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December 15th, 2009


BIMSTEC needs to tap myriad synergies to consolidate our cooperation: EAM

External Affairs Minister S.M Krishna

External Affairs Minister S.M. Krishna visited Myanmar on a three-day visit from December 10 to attend the multilateral 12th ministerial meeting of the Bay of Bengal Initiative for Multi Sectoral, Technical and Economic Cooperation (BIMSTEC) held in the Myanmar capital Nay Pyi Taw. BIMSTEC comprises India, Bangladesh, Myanmar, Nepal, Bhutan, Sri Lanka and Thailand. At the Plenary on December 11, Minister Krishna said that BIMSTEC countries should tap their myriad synergies to consolidate cooperation.

Excerpts from his speech:

  • At the outset, I would like to express my gratitude to our host, the Foreign Minister of Myanmar, H.E. Mr. Nyan Win, for making excellent arrangements for the 12th BIMSTEC Ministerial Meeting and the warm hospitality extended to me and my delegation.
  • The people of BIMSTEC countries are linked by the waters that flow down the Himalayas as well as the waters of the Bay of Bengal. There exists complementarities amidst diversities with regard to our potential of economic-commercial cooperation. We need to tap our myriad synergies to consolidate our cooperation.
  • The second Summit held in New Delhi last year was an important milestone and an opportunity to reflect about the achievements so far and the future path. Our leaders have given concrete ideas to build upon our cooperation. These will guide us in shaping the future of our grouping collectively.
  • BIMSTEC has made sure and steady progress. Thirteen areas of cooperation were identified where progress has been made. Climate change has been identified as the 14th area of cooperation.
  • The signing of the Convention on Cooperation in Combating International Terrorism, Trans-National Organised Crime and Illicit Drug Trafficking is a major achievement of this BIMSTEC Ministerial Meeting. Mr. Chairman,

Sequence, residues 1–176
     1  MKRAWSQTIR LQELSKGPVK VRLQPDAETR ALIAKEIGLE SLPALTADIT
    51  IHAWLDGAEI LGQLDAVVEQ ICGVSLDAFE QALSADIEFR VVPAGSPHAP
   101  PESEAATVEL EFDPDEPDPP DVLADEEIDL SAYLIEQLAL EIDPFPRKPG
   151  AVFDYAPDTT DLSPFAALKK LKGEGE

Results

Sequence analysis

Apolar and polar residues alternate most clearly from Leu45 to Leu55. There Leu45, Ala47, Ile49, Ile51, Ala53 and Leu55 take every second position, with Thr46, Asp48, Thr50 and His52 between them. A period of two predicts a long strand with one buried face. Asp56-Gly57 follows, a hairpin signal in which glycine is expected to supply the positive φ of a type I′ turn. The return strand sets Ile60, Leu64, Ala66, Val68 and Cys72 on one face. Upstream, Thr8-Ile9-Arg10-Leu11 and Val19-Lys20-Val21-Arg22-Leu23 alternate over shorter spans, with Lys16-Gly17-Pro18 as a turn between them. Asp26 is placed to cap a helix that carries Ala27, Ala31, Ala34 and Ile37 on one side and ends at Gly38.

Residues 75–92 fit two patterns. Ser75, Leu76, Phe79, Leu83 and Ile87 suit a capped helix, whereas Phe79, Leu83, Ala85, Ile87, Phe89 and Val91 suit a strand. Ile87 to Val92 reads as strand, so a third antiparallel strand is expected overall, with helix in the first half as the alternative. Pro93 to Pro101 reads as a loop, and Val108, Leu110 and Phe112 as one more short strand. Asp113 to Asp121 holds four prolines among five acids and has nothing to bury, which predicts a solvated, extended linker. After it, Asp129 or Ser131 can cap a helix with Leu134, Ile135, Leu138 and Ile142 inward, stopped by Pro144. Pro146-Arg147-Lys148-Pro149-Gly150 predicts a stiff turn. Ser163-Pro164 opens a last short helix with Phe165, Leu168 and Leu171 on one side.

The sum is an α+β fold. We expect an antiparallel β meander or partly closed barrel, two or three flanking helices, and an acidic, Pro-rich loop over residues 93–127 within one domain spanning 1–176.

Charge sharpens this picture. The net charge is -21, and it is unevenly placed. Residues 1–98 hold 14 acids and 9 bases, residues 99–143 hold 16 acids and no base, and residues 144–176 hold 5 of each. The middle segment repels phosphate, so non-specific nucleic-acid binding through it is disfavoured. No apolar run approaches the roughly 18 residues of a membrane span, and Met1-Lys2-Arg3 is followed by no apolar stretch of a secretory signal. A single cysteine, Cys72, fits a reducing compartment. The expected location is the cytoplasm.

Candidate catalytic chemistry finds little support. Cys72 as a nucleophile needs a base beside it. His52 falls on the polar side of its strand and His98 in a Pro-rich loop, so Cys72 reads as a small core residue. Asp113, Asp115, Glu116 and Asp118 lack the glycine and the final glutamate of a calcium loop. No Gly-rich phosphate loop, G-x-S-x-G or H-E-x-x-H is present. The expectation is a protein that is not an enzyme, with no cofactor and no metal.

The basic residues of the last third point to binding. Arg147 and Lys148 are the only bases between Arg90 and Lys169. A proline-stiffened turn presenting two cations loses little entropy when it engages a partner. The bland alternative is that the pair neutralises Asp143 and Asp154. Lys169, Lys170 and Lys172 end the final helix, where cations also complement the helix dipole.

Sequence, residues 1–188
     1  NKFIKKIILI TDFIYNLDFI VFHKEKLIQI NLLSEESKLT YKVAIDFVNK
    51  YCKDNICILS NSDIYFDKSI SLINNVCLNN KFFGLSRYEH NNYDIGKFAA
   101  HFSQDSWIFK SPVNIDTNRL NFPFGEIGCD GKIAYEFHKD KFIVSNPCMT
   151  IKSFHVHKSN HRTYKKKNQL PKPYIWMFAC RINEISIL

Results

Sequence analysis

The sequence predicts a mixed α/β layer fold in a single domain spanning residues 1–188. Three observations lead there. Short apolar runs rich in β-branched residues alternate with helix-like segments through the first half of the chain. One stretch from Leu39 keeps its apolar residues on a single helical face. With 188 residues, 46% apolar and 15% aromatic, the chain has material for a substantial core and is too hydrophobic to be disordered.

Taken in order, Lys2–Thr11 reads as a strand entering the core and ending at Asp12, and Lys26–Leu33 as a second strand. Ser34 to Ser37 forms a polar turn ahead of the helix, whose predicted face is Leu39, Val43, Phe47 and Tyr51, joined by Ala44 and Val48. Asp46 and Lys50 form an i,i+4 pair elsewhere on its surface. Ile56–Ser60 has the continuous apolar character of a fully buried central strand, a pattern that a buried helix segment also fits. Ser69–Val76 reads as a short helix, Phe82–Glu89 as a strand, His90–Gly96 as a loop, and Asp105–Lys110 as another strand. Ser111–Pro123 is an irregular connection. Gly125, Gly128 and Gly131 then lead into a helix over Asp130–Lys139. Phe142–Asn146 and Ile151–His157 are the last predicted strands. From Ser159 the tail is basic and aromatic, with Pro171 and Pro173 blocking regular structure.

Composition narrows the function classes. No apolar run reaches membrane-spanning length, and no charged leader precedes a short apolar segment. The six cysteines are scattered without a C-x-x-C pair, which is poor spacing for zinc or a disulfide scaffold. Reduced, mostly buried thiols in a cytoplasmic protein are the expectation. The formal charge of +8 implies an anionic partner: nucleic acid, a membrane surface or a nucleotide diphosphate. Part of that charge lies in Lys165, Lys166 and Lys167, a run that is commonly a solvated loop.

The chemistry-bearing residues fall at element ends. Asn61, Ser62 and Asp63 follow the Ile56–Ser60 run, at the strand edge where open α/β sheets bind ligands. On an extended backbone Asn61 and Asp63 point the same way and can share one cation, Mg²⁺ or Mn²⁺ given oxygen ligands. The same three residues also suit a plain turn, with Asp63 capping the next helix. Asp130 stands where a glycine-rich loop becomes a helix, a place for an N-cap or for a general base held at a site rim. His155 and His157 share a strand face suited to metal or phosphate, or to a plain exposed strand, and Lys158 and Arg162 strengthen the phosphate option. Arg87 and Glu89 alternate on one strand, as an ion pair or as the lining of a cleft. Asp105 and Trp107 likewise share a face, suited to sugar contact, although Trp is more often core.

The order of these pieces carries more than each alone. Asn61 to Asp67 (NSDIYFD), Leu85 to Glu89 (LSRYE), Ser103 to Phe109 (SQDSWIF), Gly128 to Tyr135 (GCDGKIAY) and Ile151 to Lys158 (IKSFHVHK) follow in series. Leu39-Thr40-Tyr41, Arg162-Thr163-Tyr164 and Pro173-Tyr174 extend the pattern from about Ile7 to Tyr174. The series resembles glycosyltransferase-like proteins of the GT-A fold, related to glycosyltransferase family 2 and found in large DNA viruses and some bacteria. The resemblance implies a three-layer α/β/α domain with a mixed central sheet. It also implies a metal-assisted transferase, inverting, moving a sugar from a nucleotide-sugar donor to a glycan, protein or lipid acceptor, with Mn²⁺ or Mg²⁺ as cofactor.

• We are meeting in the backdrop of the global economic crisis. To make growth sustainable, much remains to be done. The steps which need to be taken to lift millions of people in the developing world, should be brought into focus in the global discourse.
  • Given that the challenges faced by BIMSTEC members in the area of agriculture are quite similar, we can put in efforts to execute common programmes to tackle these challenges.
  • We need to focus on various areas of connectivity among the member countries, particularly in the area of transport and communication linkages.
  • Intra-BIMSTEC trade is an area in which we should make efforts to move ahead. Our trade is still quite modest.
  • Enhancing people-to-people contacts should be our overarching priority.
  • BIMSTEC nations should create tourism packages by identifying one tourist destination from each country.
  • Under our Indian Technical and Economic Cooperation Programme, we are offering 450 scholarships to BIMSTEC countries.
  • We need to make efforts to make BIMSTEC an effective platform for consolidation of our multifaceted cooperation.

(Courtesy: Ministry of External Affairs)

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Lord Mandelson starts visit to India

The Indian Institute of Science campus in Bengaluru